Hello Peter:
I concur-very much so- with your position that "flipping" is less a science and a predictable way to riches, than an up-and down process that involves a lot more dumb luck than many "pros" either want to admit, or even recognize. Markets rise and fall in mini-cycles in their mostly inevitable, inexorable rise over the long term. Flipping successfully is indeed predicated on buying low (very low, if at all possible), but the fact is most people who made a killing on one or several deals, did so because they bought at a low ebb, and, through no prescience or incredible, mythic, Trumpesque insight, sold at an auspicious time. Few investors, novice or sesoned, will tell you about the places they bought just before their local market took a downturn, or mere slowdown. And, hey, it happens...always. Flipping can be a goldmine, but it peters out, too.
That being said, the learned investor can always find a great deal (perhaps searching hundreds of homes and knocking on many doors). And it takes steadfast attention on the bottom line, which means finding the HIGHLY motivated seller who is consigned to their fate of bailing out at all costs. The investor has to assume the moral responsibility of taking most or all the equity in the property. That's business, but it isn't always easy, for people with a particularly strong moral code (a dying breed, for sure). Lots of investors are cold as ice. They may schmooze, but they don't care a whit for the people they buy from. Simple fact. Plenty are simply decent, hardworking and shrewd. Point is, it isn't an entirely pleasant business. You're dealing with real people, who have real problems, and their lives are in a tailspin while you're eyeballing their investment.
Beyond that, I'd say the best bet for a consistently successful fix/flip business, is either being a skilled craftsman, or being married to, or partnered with one. Relying on contractors and handymen to do all the tear-out/rebuild is a major pain & eats up a lot of the profits, even when the investor is savvy on estimating and organizing.
I can generally do a five-minute walkthrough of a house, plan the renovations and upgrades, estimate the total cost and time of repairs, marketing and financing, within 10% of the actual figures. But that doesn't mean I can drive a nail in straight, or do good tile work. When the flip market gets rife with competition, and sales are slow and low, it's usually the physical dynamos who keep their head above water. They are the types who know nothing but 80-hour work weeks, and doing carpentry or tile work in their investment house at 11PM, on top of finding the deals in the first place. A really organized team, with clearly delineated responsibilities is most desireable, but in the real world, when things get tight-and they WILL, the profits can evaporate quickly. Success can come to almost any sharp, hard worker, but in the end, it's the lean& mean, exceptionally hard-working multitasker that's most likely to succeed. Also, this is as crowded as the real estate brokerage business. Everybody seems to be dabbling in the field. When would-be investors contact prospective sellers, they're usually going to find that the seller has-or will soon be contacted, and hounded by- several, if not DOZENS of other investors. Many of the would-be buyers are hucksters and/or complete dilettantes, which makes the process difficult for everybody. Lastly, Remember, Hollywood is Hollywood...code for ILLUSION. TV shows , "reality" or not, are entertainement, designed to garner viewers, and to sell ad time, not ironically, in this case, for Home Depot and the like. TV made a veritable mania for thisfix/flip business. The unglanmorous truth-unfortunately lost even among many real estate and investment professionals- is that most deals just don't make a lot of sense. Books and seminars, likewise are a great way for authors and speakers to make money. They impart very, very little that common sense can't confirm or refute. The best seminar or book about real estate I can think of-the one that's most likely to make someone wealthy- is one titled "How to make a million dollars selling books and seminars about real estate."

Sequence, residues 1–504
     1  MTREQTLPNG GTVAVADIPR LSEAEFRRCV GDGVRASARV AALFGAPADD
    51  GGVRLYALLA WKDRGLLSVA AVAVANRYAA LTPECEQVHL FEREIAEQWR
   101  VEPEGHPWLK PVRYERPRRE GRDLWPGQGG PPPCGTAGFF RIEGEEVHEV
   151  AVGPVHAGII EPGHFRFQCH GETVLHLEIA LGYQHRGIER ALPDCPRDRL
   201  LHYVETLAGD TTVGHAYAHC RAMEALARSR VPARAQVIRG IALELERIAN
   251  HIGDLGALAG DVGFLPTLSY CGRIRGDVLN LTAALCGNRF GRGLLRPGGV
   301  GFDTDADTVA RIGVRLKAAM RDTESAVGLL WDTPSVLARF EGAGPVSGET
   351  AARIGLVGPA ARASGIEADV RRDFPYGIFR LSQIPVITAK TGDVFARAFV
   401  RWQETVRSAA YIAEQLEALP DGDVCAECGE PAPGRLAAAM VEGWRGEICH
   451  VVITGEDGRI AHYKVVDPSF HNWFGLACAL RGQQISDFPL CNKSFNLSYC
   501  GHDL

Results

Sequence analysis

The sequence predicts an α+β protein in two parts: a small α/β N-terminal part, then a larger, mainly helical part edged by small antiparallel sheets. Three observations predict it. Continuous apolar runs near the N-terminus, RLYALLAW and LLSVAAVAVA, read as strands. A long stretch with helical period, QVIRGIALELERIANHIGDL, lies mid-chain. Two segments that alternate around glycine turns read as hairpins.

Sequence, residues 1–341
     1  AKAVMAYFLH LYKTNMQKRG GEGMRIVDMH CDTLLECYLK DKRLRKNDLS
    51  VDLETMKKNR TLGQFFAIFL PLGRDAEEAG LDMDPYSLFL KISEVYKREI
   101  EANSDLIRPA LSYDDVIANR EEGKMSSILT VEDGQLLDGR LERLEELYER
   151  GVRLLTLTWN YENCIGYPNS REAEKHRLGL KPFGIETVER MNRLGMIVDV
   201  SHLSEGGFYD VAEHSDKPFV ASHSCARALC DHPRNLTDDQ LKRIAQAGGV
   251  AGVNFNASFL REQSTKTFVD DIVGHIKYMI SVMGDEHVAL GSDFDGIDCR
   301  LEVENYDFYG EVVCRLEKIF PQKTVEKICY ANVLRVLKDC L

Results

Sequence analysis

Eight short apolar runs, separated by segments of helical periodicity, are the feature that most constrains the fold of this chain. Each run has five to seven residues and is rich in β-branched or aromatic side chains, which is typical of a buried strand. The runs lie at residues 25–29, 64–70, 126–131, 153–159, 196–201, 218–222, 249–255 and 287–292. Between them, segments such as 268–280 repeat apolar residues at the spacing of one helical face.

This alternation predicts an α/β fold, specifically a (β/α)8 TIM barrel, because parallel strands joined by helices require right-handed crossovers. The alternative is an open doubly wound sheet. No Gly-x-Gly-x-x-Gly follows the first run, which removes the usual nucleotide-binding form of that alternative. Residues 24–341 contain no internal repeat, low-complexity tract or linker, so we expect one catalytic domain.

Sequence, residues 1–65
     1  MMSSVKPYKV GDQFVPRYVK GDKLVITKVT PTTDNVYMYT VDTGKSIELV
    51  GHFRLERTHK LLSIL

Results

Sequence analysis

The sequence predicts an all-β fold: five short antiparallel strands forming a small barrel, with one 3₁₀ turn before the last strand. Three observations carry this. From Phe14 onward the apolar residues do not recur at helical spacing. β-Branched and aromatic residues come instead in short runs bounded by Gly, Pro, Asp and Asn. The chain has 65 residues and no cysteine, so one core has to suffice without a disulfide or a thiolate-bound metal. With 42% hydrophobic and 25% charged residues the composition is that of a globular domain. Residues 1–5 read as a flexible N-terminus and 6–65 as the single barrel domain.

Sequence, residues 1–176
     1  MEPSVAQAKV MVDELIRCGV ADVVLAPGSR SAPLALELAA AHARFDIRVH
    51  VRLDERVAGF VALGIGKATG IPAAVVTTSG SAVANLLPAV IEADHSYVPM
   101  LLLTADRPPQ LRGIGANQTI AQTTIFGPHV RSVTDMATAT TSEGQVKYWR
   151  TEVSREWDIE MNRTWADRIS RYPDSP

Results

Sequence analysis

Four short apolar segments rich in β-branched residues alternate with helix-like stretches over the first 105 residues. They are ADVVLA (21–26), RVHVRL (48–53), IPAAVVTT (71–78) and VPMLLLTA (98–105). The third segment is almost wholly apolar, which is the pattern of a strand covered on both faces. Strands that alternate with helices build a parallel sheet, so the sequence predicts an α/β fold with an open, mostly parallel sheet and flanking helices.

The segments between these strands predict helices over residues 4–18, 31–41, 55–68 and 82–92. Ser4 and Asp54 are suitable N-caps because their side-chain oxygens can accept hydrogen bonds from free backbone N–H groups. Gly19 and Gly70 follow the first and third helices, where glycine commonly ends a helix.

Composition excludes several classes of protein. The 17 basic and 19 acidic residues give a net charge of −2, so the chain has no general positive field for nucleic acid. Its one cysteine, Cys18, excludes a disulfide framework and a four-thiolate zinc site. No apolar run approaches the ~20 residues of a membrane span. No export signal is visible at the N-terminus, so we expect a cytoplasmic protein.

May 21, 2007 8:29 AM

Does anyone know of a "flipper" looking to buy in Sebring, Florida? I have a great house there and Im looking to sell. Started the renovation, just ran out of time. Its an income property too. 2bed 1.5 bath PLUS a duplex in the back.




May 22, 2007 8:47 AM

A buyer will come along.
Can you wait 10 years?


June 1, 2007 7:54 PM

Well i must say that flipping has made me a fortune in the upper northeast region. what seems to be the problem with people cracking on people wanting to buy a flip? Just buy low do good quality work throw a huge party when done together with an open house to freinds, family and neighbors and sell high, its simple.And i must say you have to have good people skills.


May 16, 2008 5:31 PM

I just found this post, but retrospectively; being a flipper in early '07 is better than one mid-year. Imagine being in this market right now and barely holding on to your property (if you're lucky). Time to look for alternatives like investing in stronger markets in Canada or in real estate investment alternatives like mortgage investment corporations.

The days of get rich quick schemes are gone.

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BusinessWeek editors Chris Palmeri, Prashant Gopal and Peter Coy chronicle the highs and lows of the housing and mortgage markets on their Hot Property blog. In print and online, the Hot Property team first wrote about the potential downside of lenders pushing riskier, "option ARM" mortgages and the rise in mortgage fraud back in 2005—well ahead of many other media outlets. In 2008, Hot Property bloggers finished #1 in a ranking of the world's top 100 "most powerful property people" by the British real estate website Global edge. Hot Property was named among the 25 most influential real estate blogs of 2007 by Inman News.